I was reviewing some of the incredible data and science that Objective Management Group (OMG) has on more than one million salespeople when the following caught my eye.
Today, salespeople possess, on average, only 48% of the attributes of consultative sellers.
You read that right–48%
I found this particularly interesting because selling has changed substantially in the last 8 years and one of the biggest changes has been the need for salespeople to differentiate themselves and their product or service offering from the competition. Without differentiation, salespeople will encounter more resistance, more price sensitivity and much lower win rates.
When a salesperson is a consultative seller—asking great questions, doing great listening and identifying the prospect’s compelling reasons to make an initial purchase or move their existing business to them—they are not only creating value for the prospect, more importantly, they become the value. “I don’t know what it is about Jennifer. She just asks great questions when it comes to helping us with our problems. She gets us!” And Jennifer’s value provides differentiation for her because no one else interacts with her customer like she uniquely does.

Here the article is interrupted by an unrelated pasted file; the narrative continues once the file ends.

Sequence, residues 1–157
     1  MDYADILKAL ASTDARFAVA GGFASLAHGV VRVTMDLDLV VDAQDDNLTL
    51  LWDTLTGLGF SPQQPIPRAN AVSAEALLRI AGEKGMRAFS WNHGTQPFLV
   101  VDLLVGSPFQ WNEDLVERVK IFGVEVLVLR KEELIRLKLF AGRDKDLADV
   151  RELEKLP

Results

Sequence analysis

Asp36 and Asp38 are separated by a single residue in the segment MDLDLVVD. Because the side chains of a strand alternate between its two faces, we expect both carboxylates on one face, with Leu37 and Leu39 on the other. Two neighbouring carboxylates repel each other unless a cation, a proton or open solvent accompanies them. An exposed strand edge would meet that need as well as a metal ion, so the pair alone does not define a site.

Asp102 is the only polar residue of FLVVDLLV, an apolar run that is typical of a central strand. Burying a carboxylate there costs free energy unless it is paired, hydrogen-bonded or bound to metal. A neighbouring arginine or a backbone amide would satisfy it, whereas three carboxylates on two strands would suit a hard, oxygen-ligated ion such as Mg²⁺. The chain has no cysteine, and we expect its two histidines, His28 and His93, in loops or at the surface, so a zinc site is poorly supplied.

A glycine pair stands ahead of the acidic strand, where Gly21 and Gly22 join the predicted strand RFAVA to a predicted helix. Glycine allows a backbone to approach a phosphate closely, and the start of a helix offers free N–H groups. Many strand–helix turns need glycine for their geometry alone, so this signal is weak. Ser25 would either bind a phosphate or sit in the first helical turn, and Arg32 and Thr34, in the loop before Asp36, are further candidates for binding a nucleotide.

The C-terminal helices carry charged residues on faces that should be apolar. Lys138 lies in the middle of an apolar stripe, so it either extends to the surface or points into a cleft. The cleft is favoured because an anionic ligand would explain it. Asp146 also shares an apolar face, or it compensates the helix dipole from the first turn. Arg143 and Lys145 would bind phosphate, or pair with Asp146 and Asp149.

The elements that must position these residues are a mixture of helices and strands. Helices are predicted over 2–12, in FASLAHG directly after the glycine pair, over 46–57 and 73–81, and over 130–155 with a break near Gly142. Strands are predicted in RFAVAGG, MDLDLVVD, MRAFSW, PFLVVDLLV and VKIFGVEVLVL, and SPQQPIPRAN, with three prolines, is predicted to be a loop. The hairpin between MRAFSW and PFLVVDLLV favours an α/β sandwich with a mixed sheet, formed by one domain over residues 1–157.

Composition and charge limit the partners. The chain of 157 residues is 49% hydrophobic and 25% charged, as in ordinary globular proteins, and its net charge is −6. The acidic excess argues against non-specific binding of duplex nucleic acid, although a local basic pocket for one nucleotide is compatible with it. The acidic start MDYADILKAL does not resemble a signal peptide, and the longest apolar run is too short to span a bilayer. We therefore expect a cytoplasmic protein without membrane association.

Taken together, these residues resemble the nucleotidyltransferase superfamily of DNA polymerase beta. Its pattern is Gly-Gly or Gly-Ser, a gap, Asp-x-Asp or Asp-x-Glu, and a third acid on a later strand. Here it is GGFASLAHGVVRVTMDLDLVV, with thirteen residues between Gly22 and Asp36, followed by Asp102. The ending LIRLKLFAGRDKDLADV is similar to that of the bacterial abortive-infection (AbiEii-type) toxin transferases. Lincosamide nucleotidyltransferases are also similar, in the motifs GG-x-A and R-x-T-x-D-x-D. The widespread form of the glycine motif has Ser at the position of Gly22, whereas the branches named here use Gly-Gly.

My experience is that when companies think their sales teams are consultative sellers, they’re usually using the old definition of the term–selling solutions to customers and as discussed above, it’s more than that. Much more. Moreover, the changes in selling brought about by the economic downturn in 2008 have made their version of consultative selling obsolete.